But we also encouraged a garden of neglect—a surprising number of resilient pests that have been able to survive in spite of our weapons. These species are now coming back to haunt us as toxins, pathogens or worse. Here are ten ways we have helped this garden of neglect prosper.

1. SHARP ROCKS, SOFT FLESH. In the beginning someone held aloft a sharpened rock. "Progress!," he screamed out, or maybe, "Ouch!," depending on which end he grabbed. With that first stone weapon and its many pointy descendants, life changed. Our initial impact would have been small. However, by 10,000 years ago we had extinguished many of the largest species on Earth—mastodons, mammoths, American cheetahs, giant kangaroos and many more. In our wake, we left behind smaller species more able to reproduce rapidly or escape detection in the first place.

As humans came to rely on tools to survive, those with hands better able to make and wield those tools were more likely to pass their genes to the next generation. Mary Marzke at Arizona Sate University in Tempe argues that hand bones of humans are quite different from those of other primates because of our use of tools. Our hands are better able to manage the subtle grips necessary for making and using tools to maim or kill other species. In response to our first tools the animals around us changed. So did we.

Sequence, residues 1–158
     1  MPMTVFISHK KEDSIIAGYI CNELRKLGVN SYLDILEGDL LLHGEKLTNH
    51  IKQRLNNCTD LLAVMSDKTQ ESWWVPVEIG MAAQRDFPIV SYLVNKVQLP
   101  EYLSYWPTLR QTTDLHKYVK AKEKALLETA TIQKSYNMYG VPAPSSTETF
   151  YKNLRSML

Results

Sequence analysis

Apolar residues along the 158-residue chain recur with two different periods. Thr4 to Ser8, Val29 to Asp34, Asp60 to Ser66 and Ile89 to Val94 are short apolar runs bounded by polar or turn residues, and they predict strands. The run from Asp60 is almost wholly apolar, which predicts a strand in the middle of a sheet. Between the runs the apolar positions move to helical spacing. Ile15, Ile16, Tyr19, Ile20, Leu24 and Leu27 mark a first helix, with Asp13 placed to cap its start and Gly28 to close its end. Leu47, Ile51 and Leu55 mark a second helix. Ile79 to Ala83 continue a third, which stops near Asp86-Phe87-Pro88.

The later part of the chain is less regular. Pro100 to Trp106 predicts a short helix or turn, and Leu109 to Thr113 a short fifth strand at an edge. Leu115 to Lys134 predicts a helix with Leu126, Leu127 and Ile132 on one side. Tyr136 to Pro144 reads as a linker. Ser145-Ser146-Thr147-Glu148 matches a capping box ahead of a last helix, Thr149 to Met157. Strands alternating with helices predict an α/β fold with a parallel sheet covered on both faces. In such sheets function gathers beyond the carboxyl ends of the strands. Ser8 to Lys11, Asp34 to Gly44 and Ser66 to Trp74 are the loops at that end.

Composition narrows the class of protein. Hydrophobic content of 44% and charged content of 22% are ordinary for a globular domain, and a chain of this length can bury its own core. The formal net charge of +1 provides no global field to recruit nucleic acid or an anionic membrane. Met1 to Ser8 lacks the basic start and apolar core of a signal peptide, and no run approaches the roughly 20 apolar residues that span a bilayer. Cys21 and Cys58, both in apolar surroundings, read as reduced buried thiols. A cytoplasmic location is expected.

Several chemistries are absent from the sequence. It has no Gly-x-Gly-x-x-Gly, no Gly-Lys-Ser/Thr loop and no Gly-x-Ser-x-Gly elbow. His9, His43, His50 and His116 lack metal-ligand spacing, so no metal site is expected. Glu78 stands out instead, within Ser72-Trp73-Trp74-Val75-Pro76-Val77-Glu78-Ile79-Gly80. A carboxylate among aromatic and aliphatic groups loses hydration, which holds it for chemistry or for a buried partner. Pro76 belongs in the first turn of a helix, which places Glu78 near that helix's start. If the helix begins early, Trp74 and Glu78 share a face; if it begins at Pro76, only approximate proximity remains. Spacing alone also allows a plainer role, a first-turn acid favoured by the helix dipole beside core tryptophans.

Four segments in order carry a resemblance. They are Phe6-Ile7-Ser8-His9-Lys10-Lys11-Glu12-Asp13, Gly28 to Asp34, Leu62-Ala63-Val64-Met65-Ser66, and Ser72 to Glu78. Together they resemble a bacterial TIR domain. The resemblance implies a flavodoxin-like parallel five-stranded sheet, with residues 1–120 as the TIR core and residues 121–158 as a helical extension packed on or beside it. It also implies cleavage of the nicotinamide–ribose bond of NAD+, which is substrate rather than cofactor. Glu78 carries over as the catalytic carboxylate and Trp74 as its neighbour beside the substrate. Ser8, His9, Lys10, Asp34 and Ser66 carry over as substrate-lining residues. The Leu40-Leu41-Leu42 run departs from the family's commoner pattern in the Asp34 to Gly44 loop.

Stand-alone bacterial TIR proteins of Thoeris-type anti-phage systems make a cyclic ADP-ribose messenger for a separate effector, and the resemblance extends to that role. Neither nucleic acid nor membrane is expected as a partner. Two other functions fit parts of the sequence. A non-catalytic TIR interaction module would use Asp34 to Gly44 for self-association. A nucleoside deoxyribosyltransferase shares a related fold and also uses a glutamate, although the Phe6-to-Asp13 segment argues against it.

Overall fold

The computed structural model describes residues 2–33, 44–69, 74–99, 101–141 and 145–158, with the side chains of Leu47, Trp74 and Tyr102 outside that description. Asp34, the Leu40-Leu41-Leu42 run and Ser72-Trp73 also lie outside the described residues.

2. BIG FISH, LITTLE FISH. Not only have we altered the course of big game evolution on land but we've also effectively reduced the size of fishes in the sea. Fishermen prefer to catch big fishes, and fishing regulations tend to prohibit the harvest of the smallest individuals of a species. In response, fishes have evolved the ability to reproduce at a smaller size and/or younger age. If they can breed before they get big enough to be harvested their genes stand a much higher chance of being passed on. American plaice, Atlantic cod, Atlantic herring, Atlantic salmon, brook trout, and chinook salmon all have appeared to grow more slowly and/or to reproduce at smaller sizes where and when they are heavily fished (Jorgenson et al., 2007; Palcovacs, 2011) Once, a large cod could eat a small boy. Now, a small boy could almost eat an entire cod.

3. RESISTANCE IS FUTILE. Bacteria have been evolving in response to threats from other species, including fungi, for hundreds of millions of years. Bacteria and fungi compete for food and often do so using chemical warfare. A fungus evolves an antibiotic and bacteria evolve resistance, so fungi evolve a new antibiotic. Recently, though, things changed. We invented (or rather stole from fungi) antibiotics, which allowed us to kill bacteria—and, importantly, treat bacterial infections. However, by using them too much, too incompletely or too indiscriminately we cause bacterial strains resistant to our drugs to evolve. Unlike fungi, we cannot retaliate by simply evolving new antibiotics. Hundreds of bacterial lineages have evolved resistance to more than a dozen of our antibiotics. In response, we are forced to discover new antibiotics, an endeavor that has proved ever more difficult.